Occasionally, echogenic bile persists even with normal gallbladder function (Fig. A). The significance of this is unclear. It has been suggested that here is a spectrum of biliary disease in which gallbladder dysmotility and subsequent saturation of the bile lead to the formation of crystals in the bile and also in the gallbladder wall, leading eventually to stone formation. Pain and biliary colic may be present prior to stone formation and the presence of echogenic bile seems to correlate with the presence of biliary crystals. Biliary crystals, or ‘microlithiasis’ (usually calcium bilirubinate granules) have a strong association with acute pancreatitis43 and its presence in patients who do not have gallstones is therefore highly significant.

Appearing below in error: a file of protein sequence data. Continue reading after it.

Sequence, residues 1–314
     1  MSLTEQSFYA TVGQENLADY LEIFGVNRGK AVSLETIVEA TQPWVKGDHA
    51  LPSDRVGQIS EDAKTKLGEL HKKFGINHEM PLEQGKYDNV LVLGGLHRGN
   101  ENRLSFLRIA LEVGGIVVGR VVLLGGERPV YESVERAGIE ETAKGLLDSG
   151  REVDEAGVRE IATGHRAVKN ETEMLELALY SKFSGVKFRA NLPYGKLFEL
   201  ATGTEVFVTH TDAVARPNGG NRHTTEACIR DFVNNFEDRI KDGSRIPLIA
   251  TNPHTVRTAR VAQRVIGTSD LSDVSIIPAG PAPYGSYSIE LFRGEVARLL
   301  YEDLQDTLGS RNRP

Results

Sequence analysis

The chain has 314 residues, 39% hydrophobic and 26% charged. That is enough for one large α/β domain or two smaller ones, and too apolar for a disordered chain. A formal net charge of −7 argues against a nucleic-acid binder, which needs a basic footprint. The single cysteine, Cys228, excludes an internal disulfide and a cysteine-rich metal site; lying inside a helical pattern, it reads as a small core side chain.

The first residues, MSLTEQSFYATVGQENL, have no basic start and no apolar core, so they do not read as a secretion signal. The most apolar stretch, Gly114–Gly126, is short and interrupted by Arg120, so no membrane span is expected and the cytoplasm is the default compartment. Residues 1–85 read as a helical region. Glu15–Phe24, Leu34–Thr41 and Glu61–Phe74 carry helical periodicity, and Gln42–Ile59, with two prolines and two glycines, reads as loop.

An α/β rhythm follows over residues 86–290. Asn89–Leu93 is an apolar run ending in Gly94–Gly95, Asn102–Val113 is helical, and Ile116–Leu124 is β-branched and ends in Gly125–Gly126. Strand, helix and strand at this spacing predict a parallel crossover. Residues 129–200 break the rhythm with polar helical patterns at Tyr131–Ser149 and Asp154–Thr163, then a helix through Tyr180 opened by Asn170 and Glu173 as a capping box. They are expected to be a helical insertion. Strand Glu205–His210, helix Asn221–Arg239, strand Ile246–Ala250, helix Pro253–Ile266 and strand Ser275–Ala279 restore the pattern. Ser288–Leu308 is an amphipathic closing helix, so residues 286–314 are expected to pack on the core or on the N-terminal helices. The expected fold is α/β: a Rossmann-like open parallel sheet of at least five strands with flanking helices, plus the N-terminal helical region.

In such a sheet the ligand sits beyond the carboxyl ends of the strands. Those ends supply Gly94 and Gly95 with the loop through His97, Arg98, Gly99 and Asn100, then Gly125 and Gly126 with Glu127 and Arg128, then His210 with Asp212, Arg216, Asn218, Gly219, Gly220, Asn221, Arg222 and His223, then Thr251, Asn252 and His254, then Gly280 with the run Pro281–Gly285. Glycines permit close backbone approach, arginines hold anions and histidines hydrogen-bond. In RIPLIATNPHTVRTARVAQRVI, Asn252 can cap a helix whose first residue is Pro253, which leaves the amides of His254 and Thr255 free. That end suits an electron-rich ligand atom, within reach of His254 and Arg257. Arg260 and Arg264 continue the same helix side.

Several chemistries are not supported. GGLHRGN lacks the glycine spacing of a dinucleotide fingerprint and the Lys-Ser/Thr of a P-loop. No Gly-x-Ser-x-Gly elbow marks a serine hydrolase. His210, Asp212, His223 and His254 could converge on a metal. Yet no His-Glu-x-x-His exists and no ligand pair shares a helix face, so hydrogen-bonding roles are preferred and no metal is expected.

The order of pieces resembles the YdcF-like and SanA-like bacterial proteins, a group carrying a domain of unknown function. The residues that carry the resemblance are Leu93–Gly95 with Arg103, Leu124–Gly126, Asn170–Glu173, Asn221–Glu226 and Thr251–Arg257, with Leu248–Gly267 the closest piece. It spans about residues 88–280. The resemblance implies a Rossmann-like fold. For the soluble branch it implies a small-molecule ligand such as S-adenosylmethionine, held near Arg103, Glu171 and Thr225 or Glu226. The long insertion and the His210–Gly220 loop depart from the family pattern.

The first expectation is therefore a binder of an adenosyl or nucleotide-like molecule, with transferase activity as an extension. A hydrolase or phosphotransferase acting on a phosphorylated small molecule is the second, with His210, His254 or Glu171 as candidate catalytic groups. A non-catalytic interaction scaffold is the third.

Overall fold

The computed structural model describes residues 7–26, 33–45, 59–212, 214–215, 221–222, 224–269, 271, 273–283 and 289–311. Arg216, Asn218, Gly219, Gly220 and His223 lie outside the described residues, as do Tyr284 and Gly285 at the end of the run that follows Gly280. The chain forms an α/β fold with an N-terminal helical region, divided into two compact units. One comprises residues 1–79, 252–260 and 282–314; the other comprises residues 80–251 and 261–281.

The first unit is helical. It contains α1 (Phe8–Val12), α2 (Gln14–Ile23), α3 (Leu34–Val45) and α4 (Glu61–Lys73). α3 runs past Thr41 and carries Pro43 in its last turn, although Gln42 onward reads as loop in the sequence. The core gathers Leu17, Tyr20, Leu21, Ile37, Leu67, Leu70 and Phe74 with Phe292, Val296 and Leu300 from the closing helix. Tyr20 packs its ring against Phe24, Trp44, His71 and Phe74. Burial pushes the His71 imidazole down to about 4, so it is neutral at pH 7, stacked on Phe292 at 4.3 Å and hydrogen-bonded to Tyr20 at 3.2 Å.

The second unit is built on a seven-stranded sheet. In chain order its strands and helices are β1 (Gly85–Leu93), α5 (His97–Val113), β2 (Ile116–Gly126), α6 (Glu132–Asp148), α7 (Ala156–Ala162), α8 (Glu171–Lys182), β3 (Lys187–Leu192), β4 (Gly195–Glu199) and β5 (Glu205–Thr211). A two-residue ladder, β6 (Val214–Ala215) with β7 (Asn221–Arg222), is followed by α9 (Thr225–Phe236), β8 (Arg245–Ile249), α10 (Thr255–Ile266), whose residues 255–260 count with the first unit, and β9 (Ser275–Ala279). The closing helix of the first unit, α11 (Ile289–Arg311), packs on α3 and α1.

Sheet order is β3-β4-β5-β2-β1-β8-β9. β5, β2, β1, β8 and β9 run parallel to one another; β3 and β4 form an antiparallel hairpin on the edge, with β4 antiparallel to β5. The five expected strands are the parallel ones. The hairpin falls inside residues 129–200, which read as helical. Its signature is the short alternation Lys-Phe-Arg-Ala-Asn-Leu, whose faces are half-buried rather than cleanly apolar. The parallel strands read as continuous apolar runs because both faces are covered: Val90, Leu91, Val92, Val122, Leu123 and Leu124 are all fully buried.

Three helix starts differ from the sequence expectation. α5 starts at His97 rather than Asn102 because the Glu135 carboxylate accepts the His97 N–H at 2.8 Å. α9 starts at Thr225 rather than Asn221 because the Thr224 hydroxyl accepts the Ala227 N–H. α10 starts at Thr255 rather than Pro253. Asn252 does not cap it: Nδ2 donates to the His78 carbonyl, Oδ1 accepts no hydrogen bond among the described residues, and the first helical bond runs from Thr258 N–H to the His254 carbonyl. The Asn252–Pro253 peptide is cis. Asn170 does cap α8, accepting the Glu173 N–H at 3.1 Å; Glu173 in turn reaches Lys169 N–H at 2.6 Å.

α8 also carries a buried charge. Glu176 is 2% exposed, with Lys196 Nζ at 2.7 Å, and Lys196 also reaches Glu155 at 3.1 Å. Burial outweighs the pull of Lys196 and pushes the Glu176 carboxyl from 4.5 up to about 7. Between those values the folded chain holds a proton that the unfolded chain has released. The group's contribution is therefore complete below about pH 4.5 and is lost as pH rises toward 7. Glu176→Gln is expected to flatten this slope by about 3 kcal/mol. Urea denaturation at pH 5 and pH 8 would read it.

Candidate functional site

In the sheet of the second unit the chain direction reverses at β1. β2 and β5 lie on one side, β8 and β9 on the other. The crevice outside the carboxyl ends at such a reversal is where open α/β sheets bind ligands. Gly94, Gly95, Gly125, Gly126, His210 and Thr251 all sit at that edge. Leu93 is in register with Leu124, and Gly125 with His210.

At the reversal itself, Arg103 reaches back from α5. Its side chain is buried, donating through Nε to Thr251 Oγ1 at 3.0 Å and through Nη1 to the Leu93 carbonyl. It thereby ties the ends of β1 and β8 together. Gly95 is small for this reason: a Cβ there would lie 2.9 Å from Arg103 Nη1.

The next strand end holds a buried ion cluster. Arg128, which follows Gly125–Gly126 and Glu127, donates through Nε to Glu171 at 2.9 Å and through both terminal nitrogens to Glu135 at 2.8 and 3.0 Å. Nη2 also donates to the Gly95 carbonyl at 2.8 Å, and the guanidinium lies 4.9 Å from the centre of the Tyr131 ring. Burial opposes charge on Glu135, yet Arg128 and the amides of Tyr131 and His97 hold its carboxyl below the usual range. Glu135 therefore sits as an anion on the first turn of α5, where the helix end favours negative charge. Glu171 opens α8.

viscous and hyperechoic. The biliary ducts remain normal in calibre. Eventually the bile turns watery and appears echo-free on ultrasound; this is known as a mucocoele (see BELOW ) FIG B. Bile stasis within the ducts occurs either as a result of prolonged and/or repetitive obstruction or as a result of cholestatic disease such as primary biliary cirrhosis (PBC) (Chapter 4) or PSC. This can lead to cholangitis.